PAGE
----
Research Articles

Targeted gene replacement in Drosophila via P element-induced gap repair

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Science  06 Sep 1991:
Vol. 253, Issue 5024, pp. 1110-1117
DOI: 10.1126/science.1653452

Abstract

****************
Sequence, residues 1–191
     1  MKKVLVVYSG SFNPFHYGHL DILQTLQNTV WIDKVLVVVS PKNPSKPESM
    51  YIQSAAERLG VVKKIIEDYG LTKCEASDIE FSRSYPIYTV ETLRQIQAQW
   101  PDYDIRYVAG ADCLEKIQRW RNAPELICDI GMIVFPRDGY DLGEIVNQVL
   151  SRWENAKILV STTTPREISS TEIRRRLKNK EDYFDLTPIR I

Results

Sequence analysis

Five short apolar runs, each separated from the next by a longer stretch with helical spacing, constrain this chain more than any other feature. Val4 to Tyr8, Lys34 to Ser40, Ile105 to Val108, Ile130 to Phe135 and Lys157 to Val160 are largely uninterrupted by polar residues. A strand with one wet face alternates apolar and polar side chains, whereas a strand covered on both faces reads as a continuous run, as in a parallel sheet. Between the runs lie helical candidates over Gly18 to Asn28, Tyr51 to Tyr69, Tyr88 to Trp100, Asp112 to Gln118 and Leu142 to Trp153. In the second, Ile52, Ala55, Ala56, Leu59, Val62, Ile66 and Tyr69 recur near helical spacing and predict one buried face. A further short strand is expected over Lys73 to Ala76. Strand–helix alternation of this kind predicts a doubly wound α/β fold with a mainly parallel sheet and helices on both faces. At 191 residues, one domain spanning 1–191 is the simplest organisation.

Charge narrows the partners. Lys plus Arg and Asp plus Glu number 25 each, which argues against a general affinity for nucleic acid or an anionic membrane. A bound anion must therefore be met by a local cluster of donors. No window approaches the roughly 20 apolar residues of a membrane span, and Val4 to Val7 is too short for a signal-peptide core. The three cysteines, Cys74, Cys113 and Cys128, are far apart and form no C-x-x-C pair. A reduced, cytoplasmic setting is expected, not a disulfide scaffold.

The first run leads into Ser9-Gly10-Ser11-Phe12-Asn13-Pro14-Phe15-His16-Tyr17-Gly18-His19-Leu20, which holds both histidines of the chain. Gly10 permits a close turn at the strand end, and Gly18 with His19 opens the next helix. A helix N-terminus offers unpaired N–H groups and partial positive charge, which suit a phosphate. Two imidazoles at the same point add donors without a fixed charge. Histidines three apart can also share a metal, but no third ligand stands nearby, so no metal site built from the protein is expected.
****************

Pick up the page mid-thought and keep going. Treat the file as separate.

Transposable elements of the P family in Drosophila are thought to transpose by a cut-and-paste process that leaves a double-strand gap. The repair of such gaps resulted in the transfer of up to several kilobase pairs of information from a homologous template sequence to the site of P element excision by a process similar to gene conversion. The template was an in vitro-modified sequence that was tested at various genomic positions. Characterization of 123 conversion tracts provided a detailed description of their length and distribution. Most events were continuous conversion tracts that overlapped the P insertion site without concomitant conversion of the template. The average conversion tract was 1379 base pairs, and the distribution of tract lengths fit a simple model of gap enlargement. The conversion events occurred at sufficiently high frequencies to form the basis of an efficient means of directed gene replacement.

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